Lim Say Liang
On 24 March 2012, the Reason Rally was held in Washington DC. The event, billed as “the largest gathering of the secular movement in world history”, attracted over 20,000 attendees. Shortly after, from 13 to 15 April 2012, the Global Atheist Convention was held in Melbourne. This attracted over 4,000 attendees. Not to be outdone, similar events are being organised in Philippines, Canada and Germany. For non-believers, this level of visibility on the global stage is unprecedented and, for some, long overdue.
Keen for local representation, members of the Humanist Society of Singapore (HSS) attended the event in Melbourne. There, it caught up with Roar Johnsen, Vice-President of the International Humanist and Ethical Union (IHEU), to find out how independent-minded non-believers in Singapore too can come together and do good for society. The full text of the conversation follows.
HSS: Why is it important for organisations like the IHEU to be present at the Global Atheist Convention?
Johnsen: There’s always something new to learn from others and get inspiration from. Hopefully, we also get to make new connections, get to know new people and maybe in the future, support and bring them together. These are exciting times: there has been a huge breakthrough in the United States and secular groups are springing up in universities across the country. Humanists are coming together in places like India, Africa, Philippines, Indonesia, and of course, Singapore.
HSS: How can this phenomenon be a force for good?
Johnsen: Many people experience problems in society, whether it is at their workplace or with their family. Just to have someone to talk to is very important, to not feel that you are a strange person for not believing. To be able to have these discussions is a very good first step. And as atheists we don’t believe god or gods exist so we have to take responsibility for ourselves to bring about positive changes in the world.
HSS: Such as?
Johnsen: In Africa, there are about 20 new organisations over the last 10 years and some of those organisations are engaged in social activities such as helping the unemployed or the poor and providing alternative education for children where the only religious education is available. It is not just atheists. We need everybody to chip in. We need the skeptics to criticise superstition. We need the atheists to criticise religion. We need humanists to take care of ethical issues.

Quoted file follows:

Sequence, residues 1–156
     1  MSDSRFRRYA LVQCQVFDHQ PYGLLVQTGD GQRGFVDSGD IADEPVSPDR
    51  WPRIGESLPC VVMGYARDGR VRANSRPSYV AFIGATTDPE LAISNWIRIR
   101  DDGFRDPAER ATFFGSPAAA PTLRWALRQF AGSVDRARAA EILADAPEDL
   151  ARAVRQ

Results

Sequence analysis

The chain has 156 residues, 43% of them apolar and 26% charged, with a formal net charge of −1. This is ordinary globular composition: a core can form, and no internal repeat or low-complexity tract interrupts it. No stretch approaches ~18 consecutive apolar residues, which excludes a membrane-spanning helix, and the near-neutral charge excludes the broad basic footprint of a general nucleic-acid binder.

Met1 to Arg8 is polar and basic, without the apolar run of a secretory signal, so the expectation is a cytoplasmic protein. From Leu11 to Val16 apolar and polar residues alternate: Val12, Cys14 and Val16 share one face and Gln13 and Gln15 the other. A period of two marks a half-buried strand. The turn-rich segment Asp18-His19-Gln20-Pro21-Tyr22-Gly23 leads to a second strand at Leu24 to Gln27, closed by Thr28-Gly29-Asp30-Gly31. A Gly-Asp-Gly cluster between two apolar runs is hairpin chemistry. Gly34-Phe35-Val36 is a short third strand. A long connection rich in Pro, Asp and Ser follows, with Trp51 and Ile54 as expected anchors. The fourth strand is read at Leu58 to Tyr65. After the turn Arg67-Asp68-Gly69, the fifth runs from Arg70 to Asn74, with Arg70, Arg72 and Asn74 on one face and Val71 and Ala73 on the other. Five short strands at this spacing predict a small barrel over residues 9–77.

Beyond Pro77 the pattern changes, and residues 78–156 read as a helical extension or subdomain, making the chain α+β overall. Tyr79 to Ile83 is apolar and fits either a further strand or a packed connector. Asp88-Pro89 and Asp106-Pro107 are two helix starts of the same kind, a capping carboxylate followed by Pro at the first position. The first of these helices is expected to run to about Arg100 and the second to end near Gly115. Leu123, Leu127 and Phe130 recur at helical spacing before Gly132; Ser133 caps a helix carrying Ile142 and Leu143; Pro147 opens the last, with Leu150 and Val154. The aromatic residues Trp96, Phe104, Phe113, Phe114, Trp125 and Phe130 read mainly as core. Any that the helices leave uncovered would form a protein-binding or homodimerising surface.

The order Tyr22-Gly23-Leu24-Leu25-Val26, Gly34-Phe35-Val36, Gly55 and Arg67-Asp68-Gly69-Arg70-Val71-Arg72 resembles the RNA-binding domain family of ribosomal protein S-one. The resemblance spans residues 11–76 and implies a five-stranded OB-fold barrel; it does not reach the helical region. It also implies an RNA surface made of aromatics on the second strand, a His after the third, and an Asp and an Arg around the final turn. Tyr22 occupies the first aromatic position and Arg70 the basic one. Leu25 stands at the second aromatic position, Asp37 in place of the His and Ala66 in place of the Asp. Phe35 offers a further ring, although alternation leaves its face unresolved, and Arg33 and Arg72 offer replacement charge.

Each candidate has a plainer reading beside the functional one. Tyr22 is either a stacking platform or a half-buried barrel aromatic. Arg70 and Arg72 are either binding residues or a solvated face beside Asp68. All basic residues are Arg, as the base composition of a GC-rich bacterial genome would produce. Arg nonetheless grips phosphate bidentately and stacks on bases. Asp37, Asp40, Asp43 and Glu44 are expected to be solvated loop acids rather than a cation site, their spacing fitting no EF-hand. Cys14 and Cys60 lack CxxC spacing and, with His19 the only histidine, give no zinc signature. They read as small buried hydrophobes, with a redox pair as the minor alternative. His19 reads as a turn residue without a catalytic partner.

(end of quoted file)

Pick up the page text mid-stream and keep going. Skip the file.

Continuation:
HSS: How about the New Atheists such as Richard Dawkins and Sam Harris, who adopt a more aggressive posture towards religion?
Johnsen: [Laughs] I think it is a great way to gain attention but sometimes I think they go too far, like when they think all other enterprises like humanism are a waste of time. That said, people like Dawkins and Harris come up with very good and very instructive books which help many people around the world to better articulate their thoughts and concerns. I would say that there is a balance between criticising religion and getting organised and doing good for society.
HSS: Sometimes non-believers can be too pessimistic, apathetic or independent about getting organised even though they are also concerned about the same issues as humanists are. They think, ‘What’s the point? Why should I bother?’ How can these people be moved?
Johnsen: I will tell them change does not happen overnight. Sometimes I joke about humanists having three types of meetings. You have the regular board meetings where you are planning the next gathering, the next activity. Everything is difficult; you don’t have enough resources, you don’t have enough volunteers and so on. Then once a year, you have the strategy meeting where you discuss and plan for the next few years and what you will like to achieve. This is a little more positive. Then you have the 10-year anniversary and review and you look back and go, Wow we have achieved so much.
HSS: Isn’t the success of the Norwegian Humanist Association (NHA) evidence that this is not a pipedream?
Johnsen: Absolutely. I have also been a volunteer with the NHA for more than 30 years, and in the very beginning it had only a few hundred members and it grew very slowly. In the late 60s we had around one thousand members and we realised that as the non-religious, we were fairly recognized as a lifestance organisation, however to have more political impact we needed more members, so we embarked on a new strategy of active recruitment and outreach. Today, it is probably one of the largest humanist organisations in the world. We have around 80,000 members in a country with about five million inhabitants.
HSS: Given the significance of Humanism in Norway today, why is it still important for you to promote it actively?
Johnsen: Even if the NHA is relatively large, there are still many Norwegians who sympathize but who are not members. And as long as the state church has privileges in society, we have a battle to fight. The Norwegian humanists have also been supporters of IHEU since the beginning. We feel that it is fair that we offer some of our resources back to the international community so that we can help other organisations develop themselves, whether they call themselves humanists, atheists, freethinkers or rationalists. Solidarity is not only at home, it is global!
Photo courtesy of Crouchy69, Flickr Commons.